SS 100 Jaguar 2½-Litre Roadster

The name “Jaguar” was first applied to SS cars back in 1936, and the car it was used on was a saloon. Sir William Lyons described that first “Jaguar” mascot as looking like “A cat shot off a fence” so the mascot was redesigned and with Sir William’s approval fitted to the new 1937 SS 90 sports car which was a shortened and sporterized version of the saloon with the “shot cat” mascot.

Car registration number CKV250 was the first recorded SS car to wear the "leaping Jaguar" mascot.  It is seen here in 1937 outside the SS Cars factory which would become Jaguar Cars after the Second World War in 1945. (Picture courtesy Wikipedia).

Car registration number CKV250 was the first recorded SS car to wear the “leaping Jaguar” mascot. It is seen here in 1937 outside the SS Cars factory which would become Jaguar Cars after the Second World War in 1945. (Picture courtesy Wikipedia).

The 1937 SS 90 was a very pretty car but its 2.5 liter engine did not impress the motoring writers of the time one of whom described it as “All show and no go”. The engine was a modified 2.5 liter from a rather sedate Standard saloon car which was extensively modified for SS Cars by William Heynes and Harry Weslake who transformed it from a sedate side-valve into a high performance overhead valve churning out 100bhp to power a car that weighed 2600lb. The SS 90 was gorgeous to look at and with that leaping pussy cat on the top of the radiator it looked ready to be a world beater. But looks can be deceptive. That being said the SS 90 with its 100bhp engine was capable of 95mph with the windscreen folded down and it could accelerate from standing to 60mph in 13½ seconds. So it was capable of quite respectable performance, it was certainly quick enough to get you in trouble with Mr. Plod.

The 2½ liter engine was the only available option in 1937 but in 1938 a 3½ liter engine was made available. The 2½ liter continued in production however and is installed in this 1941 SS100.

The 2½ liter engine was the only available option in 1937 but in 1938 a 3½ liter engine was made available. The 2½ liter continued in production however and is installed in this 1941 SS100.

In response to the criticisms of the motoring press and to satisfy the demand for a car with competition performance the following year in 1938 SS Cars upped the ante with a 3½ liter engine and re-named the car the SS 100 to indicate it could do 100mph. The 3½ liter engine produced 125bhp and was indeed able to propel the car to 101mph and accelerate from standing to 60mph in 10.4 seconds.

Regardless of which engine was fitted this is the view most motorists would get of the SS 90 and SS 100.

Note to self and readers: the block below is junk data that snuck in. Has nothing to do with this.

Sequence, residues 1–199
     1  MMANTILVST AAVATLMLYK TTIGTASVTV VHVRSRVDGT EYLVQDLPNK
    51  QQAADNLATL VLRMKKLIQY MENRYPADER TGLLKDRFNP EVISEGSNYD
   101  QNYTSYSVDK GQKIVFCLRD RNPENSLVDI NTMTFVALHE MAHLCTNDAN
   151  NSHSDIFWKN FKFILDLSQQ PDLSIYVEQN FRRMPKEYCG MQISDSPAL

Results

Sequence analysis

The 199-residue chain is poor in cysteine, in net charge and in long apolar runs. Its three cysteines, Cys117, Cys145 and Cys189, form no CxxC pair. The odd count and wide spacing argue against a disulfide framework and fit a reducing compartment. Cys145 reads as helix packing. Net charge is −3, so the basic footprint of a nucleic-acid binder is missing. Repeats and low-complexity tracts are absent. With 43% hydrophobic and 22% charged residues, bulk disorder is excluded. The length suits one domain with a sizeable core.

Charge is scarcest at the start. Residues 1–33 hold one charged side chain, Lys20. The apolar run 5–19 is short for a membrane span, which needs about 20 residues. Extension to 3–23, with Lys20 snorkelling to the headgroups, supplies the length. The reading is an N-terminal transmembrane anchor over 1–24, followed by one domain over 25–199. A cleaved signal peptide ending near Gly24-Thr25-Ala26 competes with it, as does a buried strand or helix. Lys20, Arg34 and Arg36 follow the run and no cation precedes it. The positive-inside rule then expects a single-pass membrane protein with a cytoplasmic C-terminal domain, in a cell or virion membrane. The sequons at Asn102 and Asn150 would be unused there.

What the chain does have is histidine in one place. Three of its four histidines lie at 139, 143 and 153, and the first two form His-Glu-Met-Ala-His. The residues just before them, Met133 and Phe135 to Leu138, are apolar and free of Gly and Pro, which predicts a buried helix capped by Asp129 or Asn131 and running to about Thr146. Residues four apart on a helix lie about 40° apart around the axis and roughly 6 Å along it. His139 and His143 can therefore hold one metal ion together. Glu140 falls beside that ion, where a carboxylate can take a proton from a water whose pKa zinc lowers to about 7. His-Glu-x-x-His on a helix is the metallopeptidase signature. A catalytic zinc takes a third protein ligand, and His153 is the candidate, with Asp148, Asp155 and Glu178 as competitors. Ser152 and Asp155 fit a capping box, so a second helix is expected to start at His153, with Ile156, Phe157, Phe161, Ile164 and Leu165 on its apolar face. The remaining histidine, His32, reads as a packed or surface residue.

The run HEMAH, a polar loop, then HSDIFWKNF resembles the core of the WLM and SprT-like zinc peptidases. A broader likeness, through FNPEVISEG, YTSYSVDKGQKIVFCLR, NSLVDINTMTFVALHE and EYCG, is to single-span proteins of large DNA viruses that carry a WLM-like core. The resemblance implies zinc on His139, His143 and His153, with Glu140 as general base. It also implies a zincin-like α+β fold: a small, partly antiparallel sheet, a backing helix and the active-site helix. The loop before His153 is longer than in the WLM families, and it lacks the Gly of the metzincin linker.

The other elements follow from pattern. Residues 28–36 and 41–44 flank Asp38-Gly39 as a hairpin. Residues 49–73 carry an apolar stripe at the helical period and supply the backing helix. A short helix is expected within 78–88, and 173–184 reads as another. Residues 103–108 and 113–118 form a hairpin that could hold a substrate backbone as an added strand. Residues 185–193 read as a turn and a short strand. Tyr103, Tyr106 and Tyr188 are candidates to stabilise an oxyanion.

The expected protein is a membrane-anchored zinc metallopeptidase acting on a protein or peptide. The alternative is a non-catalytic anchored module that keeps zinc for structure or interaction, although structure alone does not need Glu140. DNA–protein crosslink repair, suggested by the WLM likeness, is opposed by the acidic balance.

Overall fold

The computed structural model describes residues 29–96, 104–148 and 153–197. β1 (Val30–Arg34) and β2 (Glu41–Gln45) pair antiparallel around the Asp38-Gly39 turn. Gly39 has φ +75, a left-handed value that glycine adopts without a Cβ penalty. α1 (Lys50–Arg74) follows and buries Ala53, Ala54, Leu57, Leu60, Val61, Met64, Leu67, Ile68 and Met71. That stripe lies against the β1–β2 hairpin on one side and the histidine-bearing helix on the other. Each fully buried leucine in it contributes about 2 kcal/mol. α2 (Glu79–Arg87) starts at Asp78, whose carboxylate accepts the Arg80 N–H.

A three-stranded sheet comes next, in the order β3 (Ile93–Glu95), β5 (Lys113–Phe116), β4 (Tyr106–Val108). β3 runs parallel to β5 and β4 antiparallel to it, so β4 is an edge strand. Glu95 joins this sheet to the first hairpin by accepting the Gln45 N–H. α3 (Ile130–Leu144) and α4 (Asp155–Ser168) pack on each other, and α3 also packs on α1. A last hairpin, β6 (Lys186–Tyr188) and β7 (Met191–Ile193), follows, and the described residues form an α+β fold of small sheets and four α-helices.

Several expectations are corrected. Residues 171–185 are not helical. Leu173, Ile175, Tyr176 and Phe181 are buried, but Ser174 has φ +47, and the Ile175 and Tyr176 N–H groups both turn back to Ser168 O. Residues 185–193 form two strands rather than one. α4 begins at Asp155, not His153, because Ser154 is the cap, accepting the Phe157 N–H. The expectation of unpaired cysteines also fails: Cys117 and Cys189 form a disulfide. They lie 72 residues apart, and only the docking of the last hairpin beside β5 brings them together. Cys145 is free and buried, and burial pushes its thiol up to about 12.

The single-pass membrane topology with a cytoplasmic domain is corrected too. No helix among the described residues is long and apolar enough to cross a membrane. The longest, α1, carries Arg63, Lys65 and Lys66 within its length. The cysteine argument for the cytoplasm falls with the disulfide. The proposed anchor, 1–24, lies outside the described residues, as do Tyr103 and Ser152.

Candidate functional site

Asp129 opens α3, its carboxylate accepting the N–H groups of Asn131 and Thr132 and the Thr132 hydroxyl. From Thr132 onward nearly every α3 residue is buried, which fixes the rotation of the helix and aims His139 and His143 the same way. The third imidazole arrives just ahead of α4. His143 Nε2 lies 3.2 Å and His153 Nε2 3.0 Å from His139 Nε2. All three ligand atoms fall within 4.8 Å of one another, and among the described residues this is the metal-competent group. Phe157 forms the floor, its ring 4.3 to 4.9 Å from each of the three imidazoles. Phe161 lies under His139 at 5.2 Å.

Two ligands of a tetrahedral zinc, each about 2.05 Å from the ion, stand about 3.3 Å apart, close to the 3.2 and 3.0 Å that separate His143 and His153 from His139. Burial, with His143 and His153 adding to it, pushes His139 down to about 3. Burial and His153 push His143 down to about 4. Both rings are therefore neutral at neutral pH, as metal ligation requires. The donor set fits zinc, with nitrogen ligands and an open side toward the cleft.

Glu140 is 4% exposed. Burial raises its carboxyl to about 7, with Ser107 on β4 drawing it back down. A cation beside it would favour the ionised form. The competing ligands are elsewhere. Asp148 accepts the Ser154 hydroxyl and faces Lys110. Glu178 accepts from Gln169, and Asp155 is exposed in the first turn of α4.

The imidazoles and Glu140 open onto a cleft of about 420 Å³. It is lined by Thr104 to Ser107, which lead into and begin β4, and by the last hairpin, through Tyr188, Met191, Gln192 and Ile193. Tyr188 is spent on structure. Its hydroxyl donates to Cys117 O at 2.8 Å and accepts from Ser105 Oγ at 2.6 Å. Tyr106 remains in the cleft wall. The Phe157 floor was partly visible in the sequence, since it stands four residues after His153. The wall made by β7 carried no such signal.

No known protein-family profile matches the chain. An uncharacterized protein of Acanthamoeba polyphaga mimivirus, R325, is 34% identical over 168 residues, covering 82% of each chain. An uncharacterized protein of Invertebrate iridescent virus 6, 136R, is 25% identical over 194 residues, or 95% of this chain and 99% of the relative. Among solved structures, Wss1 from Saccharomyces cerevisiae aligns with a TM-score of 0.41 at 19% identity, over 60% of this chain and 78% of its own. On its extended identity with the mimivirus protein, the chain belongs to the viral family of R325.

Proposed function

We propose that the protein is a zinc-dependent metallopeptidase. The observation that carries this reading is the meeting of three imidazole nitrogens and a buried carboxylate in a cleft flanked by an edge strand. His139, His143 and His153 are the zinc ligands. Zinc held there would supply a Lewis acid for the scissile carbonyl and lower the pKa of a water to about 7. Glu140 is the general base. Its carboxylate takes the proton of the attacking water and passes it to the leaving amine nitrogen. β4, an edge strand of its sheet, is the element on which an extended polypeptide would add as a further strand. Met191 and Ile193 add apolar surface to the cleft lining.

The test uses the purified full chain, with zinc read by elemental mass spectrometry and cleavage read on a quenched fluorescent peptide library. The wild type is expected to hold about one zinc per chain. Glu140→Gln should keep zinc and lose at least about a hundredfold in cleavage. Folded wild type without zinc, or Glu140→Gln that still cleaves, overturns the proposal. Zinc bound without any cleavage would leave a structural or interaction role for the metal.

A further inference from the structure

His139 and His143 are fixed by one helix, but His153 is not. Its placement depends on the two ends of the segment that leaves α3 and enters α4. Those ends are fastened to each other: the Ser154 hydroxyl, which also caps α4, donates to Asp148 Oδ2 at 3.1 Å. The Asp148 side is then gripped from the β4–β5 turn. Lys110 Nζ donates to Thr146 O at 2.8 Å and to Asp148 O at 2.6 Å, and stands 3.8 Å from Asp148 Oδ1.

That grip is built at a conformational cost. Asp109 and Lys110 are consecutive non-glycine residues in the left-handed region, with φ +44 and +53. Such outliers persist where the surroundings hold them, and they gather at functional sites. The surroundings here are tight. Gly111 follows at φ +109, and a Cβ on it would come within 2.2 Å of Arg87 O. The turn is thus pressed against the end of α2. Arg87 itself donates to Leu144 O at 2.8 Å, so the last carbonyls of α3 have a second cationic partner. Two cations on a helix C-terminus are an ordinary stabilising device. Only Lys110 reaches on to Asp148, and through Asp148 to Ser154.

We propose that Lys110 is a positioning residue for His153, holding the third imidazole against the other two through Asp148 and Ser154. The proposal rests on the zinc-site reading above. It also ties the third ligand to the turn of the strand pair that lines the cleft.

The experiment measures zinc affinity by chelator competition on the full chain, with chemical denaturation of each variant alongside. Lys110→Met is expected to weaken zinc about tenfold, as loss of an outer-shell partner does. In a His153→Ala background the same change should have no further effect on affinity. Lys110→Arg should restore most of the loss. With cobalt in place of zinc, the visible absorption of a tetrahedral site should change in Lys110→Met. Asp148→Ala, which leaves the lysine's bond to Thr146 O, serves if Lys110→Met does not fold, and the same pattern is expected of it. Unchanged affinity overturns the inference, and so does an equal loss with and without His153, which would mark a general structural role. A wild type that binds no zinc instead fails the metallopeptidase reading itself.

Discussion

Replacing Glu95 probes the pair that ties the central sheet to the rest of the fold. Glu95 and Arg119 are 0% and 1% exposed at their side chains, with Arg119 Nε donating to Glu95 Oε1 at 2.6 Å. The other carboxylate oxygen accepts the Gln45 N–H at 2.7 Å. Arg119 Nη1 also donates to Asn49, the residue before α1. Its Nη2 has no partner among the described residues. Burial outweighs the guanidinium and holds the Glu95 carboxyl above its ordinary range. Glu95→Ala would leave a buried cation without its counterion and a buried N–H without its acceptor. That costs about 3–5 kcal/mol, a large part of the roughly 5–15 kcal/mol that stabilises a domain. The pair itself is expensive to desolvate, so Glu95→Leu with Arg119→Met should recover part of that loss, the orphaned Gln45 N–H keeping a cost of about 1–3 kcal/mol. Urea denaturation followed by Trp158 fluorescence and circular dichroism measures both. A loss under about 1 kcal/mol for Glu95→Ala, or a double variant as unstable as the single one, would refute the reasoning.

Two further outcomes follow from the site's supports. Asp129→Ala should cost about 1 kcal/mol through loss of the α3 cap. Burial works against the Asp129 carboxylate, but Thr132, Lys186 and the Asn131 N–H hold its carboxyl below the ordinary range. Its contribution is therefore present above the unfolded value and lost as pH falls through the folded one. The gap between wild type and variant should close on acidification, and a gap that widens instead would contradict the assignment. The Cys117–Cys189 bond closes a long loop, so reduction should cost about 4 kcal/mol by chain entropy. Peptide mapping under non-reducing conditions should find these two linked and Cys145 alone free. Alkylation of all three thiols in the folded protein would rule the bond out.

Regardless of which engine was fitted this is the view most motorists would get of the SS 90 and SS 100.

SS Cars made 198 2½ liter and 116 3½ liter examples of this drop dead gorgeous thirties sports car. The fact that these are amongst the most beautiful sports cars to emerge from the thirties attests to Sir William Lyons impeccable sense of of aesthetics that would later give us the Jaguar E Type.

The 2½ liter engine looks impressive under the hood. The twin SU carburettors are bolted directly to the specially designed William Heynes and Harry Weslake cylinder head. The exhaust manifold shows attention to tuning and gas flow.

The 2½ liter engine looks impressive under the hood. The twin SU carburettors are bolted directly to the specially designed William Heynes and Harry Weslake cylinder head. The exhaust manifold shows attention to tuning and gas flow.

The white SS 100 in our pictures was amongst the last ever made and it was delivered in March of 1941 through a London dealer named Henly’s. As a collector’s car this SS 100 has a continuous record dating back to 1950 and comes with an extensive documented history including a buff logbook, letters and invoices and instruction book.

The car comes with instruction book and extensive documentation including registration book and early service record.

The car comes with instruction book and extensive documentation including registration book and early service record.

This car is so original that it has been exhibited at the Henry Ford Museum three times. Its condition as seen in the photographs is excellent.

With World War II already raging this car was no doubt made using parts that were still available in the factory. It does not have the "leaping jaguar" radiator cap mascot.

With World War II already raging this car was no doubt made using parts that were still available in the factory. It does not have the “leaping jaguar” radiator cap mascot.

This SS 100 was built and delivered in 1941, the year Hitler’s forces including his Waffen SS launched Operation Barbarossa (the invasion of the Soviet Union) and later that year on 7th December the United States would be brought into the war by the Japanese attack on Pearl Harbour and also the simultaneous attacks on Hong Kong, the Philippines, Malaya and Thailand. So this was a car built and delivered in a momentous year of world history. The somewhat anti-social activities of Hitler’s SS during the war would necessitate SS Cars changing their name to Jaguar Cars in 1945.

The interior of the car is classic Jaguar, classic thirties and looks to be a very exciting place to be.

The interior of the car is classic Jaguar, classic thirties and looks to be a very exciting place to be.

The white with red interior 1941 Jaguar SS 100 is coming up for sale by RM Sotheby’s at their Paris auction to be held on 8th February 2017.

You will find the sale page for this car if you click here.

This is a rare opportunity to acquire one of the last of the rare SS 100 ever made.

The SS 100 remains one of the most beautiful cars ever made.

The SS 100 remains one of the most beautiful cars ever made.

(All pictures courtesy RM Sotheby’s except where otherwise marked).

Comments are closed.

Privacy Policy - Terms of Service - Contact Us